It was our last day at Marseilles Clinic in the small village of Majosi, where we had spent many days of our summer conducting focus groups on the management of hypertension and diabetes with the community health workers (CHWs) there. Only half of our original team remained in Limpopo at this point in the summer (the rest had returned home), and we were expecting this last day at the clinic to be a short one. All we needed to do was to conduct one last focus group and say our goodbyes and thanks to the dear friends we had made there.
Once our focus group was complete, we stood up to gather our things and begin to say goodbye, but we were cut short. One of our CHW friends, who we knew to be the boisterous leader of the group, jumped up and asked where we were going. She insisted that we stay for lunch and that we even help prepare the food.
We had eaten lunch at the clinic on several occasions, but it had always been prepared while we were conducting focus groups. On this particular day, we had finished our focus group early, before lunch was ready, and so naturally, we were invited to learn how to cook the traditional South African dishes we had enjoyed all summer. We were in for a treat…
The two of us, and our dear partner and friend from the University of Venda, Mphonyane (pronounced Um-pun-ya-na), were led around to the back of the clinic, a modest, brick building, and we stopped in our tracks. Before us were two large cauldrons sitting over some sticks and hot coals, one filled to the brim with boiling cabbage and one filled with a thick, white meal called pap. Each cauldron was manned by a CHW who stirred its contents vigorously with a wooden spoon the length of a small child. Next to the two cauldrons sat four CHWs with a chicken each. Each CHW was in the process of slaughtering, plucking, washing, or gutting her chicken. The two of us stood with our mouths agape, while Mphonyane and our other friends laughed and ushered over to help with lunch. We managed to compose ourselves and began to help.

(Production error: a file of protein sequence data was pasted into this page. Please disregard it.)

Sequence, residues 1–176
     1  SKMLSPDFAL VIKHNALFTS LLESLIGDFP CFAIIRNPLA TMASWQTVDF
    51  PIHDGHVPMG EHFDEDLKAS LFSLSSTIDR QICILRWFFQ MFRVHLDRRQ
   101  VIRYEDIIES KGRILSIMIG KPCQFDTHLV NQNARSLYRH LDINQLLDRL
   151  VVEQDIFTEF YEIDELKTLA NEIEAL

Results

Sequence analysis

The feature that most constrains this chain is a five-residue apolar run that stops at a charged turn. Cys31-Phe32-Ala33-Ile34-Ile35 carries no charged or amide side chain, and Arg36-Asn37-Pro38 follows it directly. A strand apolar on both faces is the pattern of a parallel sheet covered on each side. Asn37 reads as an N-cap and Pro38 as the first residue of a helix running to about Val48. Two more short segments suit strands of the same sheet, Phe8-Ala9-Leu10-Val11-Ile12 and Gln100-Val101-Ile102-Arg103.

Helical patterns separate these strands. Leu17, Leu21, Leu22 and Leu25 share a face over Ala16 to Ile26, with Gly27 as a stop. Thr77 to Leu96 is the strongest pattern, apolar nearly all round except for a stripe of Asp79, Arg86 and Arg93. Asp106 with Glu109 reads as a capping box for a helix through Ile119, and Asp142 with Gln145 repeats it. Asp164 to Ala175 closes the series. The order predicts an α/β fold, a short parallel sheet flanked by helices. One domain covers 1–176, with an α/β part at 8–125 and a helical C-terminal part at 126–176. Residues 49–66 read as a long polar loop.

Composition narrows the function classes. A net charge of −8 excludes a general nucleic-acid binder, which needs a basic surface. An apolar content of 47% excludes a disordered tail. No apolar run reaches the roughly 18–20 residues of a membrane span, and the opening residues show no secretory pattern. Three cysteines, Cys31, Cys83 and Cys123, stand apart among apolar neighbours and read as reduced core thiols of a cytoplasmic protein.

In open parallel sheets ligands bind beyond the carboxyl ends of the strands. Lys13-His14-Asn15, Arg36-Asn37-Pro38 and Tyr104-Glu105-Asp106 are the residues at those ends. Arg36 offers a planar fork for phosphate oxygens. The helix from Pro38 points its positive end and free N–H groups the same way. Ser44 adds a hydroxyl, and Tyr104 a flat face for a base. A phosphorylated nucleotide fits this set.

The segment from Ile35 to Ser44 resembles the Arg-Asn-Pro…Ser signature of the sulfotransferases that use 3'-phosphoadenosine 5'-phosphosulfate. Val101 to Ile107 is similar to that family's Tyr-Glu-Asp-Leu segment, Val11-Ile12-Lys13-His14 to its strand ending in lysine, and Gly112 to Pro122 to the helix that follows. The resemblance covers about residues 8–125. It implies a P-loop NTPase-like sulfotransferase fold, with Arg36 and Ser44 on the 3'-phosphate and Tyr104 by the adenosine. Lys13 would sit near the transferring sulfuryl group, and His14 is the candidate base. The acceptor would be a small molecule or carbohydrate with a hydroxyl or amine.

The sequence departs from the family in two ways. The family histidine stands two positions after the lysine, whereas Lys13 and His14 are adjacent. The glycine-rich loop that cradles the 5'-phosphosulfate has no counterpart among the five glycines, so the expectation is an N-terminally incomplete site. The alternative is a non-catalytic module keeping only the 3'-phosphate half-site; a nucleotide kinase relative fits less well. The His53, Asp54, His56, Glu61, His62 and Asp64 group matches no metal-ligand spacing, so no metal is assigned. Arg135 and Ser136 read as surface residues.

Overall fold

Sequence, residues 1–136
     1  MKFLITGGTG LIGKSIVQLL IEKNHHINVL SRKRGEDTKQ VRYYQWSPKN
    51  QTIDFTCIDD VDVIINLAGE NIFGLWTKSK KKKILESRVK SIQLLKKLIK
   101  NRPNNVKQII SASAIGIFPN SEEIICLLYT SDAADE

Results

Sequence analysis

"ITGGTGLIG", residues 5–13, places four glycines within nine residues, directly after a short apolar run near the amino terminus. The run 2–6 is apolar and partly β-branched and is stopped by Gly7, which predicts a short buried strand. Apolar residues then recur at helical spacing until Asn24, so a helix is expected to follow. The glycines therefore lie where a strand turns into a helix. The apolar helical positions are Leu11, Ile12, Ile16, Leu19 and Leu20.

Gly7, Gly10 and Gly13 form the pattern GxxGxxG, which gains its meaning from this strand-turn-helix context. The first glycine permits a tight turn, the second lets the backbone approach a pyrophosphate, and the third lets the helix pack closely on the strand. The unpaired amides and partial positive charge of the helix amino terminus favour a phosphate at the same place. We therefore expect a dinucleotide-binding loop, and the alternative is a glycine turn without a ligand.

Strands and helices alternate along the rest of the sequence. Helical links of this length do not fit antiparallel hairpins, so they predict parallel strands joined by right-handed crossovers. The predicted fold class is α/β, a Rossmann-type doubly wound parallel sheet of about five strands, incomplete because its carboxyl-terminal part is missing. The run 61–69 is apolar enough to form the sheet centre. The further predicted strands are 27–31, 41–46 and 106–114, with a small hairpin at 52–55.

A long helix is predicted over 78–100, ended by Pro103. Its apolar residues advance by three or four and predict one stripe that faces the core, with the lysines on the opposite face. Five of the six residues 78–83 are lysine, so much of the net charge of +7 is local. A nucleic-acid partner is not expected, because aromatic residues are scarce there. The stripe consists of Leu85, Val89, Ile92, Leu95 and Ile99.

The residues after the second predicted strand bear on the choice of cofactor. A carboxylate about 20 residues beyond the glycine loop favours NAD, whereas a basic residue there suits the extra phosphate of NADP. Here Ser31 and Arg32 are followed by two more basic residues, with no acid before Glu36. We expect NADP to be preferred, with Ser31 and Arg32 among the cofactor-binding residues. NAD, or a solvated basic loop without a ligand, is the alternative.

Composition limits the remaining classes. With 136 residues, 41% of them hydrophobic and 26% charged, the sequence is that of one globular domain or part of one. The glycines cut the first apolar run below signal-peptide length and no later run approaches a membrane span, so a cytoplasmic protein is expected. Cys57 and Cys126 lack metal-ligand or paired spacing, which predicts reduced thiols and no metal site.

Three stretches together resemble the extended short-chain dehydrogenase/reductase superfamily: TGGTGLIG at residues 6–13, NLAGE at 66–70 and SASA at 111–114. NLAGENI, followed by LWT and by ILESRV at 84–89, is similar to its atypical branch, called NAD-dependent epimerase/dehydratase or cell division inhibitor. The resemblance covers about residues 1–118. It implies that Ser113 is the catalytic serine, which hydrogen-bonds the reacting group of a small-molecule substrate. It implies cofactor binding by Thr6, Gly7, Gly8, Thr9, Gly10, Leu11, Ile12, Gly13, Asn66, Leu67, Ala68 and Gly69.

Each of us took a stab at stirring the heavy pap in its cauldron, which only left us panting and with sore arms. Even Mphonyane, who had grown up regularly making pap, had never made a portion this large and struggled to stir such a huge pot! As we helped prepare each of the dishes for lunch, we were patiently guided by the CHWs who gave us cooking tips which ranged from how to scoop hot pap from the cauldron, to which parts of a chicken’s guts you save and which parts you toss.
As we continued to learn, the CHWs laughed, “We are teaching you how to cook South African food so that you can cook for your American friends when you go home. You cannot go home without knowing how to cook our food!”
Three hours later, lunch was finally prepared. We eagerly ate our pap, chicken, and cabbage with our hands (which is customary in SA), starving after a long day. After lunch, we tearfully said goodbye and parted ways, not knowing when we would see our friends at Marseilles Clinic next.
Now that we have returned to the United States, we have yet to cook a full South African meal, but we have been able to reflect on how thankful we are for the people we met and the experiences we had this summer. We will always remember the lessons we have learned from South Africa – be it lessons on cuisine or lessons on this country’s long history. Ro livhuwa, South Africa